When Germany came under
Nazi rule, the country adopted as official policy a racist ideology
aimed at the destruction of the Jews. To bring about the complete
eradication of this entire population, the Nazi strategy demanded
that not only adults be marked for destruction but that children
be targeted as well. In fact, in each European country conquered
by the Germans, the survival rate of children was much lower than
that of the overall Jewish population. It is estimated that one
and a half million Jewish children, from infants to older teens,
were gassed or shot to death in Nazi-occupied Europe. This means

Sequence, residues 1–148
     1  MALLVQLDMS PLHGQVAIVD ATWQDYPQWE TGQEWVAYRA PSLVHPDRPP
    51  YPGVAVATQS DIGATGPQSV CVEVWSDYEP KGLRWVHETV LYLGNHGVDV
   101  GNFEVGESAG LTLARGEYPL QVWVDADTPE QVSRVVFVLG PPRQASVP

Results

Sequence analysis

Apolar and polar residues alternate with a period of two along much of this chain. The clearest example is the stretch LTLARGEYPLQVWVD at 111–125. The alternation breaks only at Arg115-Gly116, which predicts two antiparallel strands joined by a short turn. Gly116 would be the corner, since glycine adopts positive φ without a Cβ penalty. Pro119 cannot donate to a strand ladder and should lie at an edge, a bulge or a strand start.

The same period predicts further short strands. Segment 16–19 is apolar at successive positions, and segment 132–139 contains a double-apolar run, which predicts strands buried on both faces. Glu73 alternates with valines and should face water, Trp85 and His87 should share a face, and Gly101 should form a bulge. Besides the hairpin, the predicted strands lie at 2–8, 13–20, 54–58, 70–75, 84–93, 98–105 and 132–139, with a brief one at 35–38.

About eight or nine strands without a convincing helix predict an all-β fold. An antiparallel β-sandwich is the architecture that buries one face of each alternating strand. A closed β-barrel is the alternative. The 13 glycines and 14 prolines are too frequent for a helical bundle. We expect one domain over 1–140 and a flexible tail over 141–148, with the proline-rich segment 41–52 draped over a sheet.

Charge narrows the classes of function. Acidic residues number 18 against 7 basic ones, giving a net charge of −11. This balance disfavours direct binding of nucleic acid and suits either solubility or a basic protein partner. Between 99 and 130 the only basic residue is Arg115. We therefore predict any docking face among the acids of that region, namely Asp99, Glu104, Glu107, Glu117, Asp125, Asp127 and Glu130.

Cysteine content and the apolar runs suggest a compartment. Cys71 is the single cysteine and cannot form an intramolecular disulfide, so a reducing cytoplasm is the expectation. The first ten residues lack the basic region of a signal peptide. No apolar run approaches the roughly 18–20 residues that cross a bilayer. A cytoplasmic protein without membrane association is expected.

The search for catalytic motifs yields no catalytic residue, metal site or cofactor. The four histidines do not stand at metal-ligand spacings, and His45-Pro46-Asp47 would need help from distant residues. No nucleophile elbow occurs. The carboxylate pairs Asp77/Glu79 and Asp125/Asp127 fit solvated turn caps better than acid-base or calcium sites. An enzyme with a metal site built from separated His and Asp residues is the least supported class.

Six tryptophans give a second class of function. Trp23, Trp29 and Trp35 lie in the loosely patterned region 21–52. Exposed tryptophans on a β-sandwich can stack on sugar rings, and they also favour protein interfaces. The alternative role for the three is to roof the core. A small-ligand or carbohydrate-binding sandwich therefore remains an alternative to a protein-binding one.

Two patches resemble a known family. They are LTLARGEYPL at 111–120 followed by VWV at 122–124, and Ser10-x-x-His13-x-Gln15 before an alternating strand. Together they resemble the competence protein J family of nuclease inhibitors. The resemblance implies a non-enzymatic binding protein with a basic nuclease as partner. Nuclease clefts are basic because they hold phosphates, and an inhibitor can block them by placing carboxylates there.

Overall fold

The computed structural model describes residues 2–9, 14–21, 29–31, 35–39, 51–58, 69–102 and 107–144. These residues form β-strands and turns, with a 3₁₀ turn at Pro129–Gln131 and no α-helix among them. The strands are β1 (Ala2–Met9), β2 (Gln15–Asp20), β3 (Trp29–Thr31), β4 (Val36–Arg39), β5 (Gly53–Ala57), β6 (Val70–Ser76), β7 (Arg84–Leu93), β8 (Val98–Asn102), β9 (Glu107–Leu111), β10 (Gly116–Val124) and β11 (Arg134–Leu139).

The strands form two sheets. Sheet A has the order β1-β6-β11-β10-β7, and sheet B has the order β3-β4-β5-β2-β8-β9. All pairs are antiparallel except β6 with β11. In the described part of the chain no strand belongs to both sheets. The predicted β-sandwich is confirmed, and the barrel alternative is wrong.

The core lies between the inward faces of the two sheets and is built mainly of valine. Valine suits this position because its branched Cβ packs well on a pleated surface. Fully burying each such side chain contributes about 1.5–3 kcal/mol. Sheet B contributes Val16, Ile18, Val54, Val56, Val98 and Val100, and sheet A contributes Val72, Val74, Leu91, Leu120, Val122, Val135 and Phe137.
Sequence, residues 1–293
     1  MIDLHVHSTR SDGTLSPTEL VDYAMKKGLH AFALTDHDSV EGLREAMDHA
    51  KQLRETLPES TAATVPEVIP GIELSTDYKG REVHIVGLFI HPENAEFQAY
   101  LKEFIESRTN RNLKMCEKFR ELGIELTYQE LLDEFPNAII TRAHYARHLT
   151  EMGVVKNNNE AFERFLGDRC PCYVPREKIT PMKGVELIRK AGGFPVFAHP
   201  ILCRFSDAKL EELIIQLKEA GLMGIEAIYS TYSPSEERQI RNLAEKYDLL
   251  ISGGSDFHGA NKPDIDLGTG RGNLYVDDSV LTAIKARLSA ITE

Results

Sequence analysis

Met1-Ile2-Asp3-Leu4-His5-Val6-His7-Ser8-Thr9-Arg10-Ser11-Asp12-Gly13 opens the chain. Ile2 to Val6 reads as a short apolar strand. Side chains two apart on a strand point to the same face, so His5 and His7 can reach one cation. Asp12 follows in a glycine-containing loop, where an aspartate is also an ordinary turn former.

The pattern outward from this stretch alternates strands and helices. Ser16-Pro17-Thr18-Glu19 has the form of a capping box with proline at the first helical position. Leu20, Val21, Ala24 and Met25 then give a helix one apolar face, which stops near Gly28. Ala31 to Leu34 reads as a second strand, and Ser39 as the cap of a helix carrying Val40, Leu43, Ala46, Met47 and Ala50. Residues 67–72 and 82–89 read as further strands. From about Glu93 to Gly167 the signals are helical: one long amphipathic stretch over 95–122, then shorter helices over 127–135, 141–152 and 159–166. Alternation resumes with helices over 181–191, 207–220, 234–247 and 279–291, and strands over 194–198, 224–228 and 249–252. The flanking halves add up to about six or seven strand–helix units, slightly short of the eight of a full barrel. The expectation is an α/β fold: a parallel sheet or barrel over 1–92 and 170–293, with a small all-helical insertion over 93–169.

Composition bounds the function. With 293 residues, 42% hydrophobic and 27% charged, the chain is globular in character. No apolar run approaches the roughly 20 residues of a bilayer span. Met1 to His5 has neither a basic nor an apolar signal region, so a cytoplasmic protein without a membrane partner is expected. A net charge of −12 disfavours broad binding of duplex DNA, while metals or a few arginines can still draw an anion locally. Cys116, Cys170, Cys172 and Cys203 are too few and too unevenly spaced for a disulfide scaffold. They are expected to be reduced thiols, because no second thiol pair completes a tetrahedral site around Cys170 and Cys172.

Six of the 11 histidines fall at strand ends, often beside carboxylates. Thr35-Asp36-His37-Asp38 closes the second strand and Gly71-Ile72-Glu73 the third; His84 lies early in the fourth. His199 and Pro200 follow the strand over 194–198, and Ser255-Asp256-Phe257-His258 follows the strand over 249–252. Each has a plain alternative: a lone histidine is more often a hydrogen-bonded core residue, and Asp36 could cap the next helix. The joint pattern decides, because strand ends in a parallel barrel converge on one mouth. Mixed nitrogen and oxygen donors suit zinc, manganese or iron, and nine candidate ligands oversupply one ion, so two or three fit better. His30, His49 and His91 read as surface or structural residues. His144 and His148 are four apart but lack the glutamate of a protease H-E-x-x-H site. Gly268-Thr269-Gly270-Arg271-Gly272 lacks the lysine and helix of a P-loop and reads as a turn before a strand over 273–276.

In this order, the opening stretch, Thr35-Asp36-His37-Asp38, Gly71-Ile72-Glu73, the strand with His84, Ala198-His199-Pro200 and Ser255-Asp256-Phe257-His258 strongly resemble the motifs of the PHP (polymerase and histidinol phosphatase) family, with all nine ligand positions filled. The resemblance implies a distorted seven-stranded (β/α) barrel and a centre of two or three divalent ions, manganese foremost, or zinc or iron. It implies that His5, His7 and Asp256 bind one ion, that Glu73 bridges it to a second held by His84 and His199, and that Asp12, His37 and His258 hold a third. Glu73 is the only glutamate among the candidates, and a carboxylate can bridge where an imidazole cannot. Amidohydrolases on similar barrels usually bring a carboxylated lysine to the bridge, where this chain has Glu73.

that nine out of ten Jewish children were murdered, not as a result
of some tragic accident or some wild scheme gone wrong, but simply
because they were Jewish.
Such deliberate and systematic
killing of children was unprecedented in human history. Very few
escaped the Nazi plan of Jewish annihilation. Those who were sent
to concentration camps were killed upon arrival. Only an occasional,
healthy-looking teen-ager managed to slip through the system.
For the most part, the
children who eluded the Nazis survived because they were hidden
from their persecutors. Sometimes for years, they lived out of their
captors' sight, in convents, orphanages, haylofts, woods, basements
or sewers. Some lived openly, concealing their names, pretending
to be Christian.
Often, families were
torn apart. In a desperate attempt to save their children, parents
made the agonizing decision to leave their little ones with strangers.
And, frequently, children were left to fend for themselves, wandering
through forests and villages in search of food and shelter.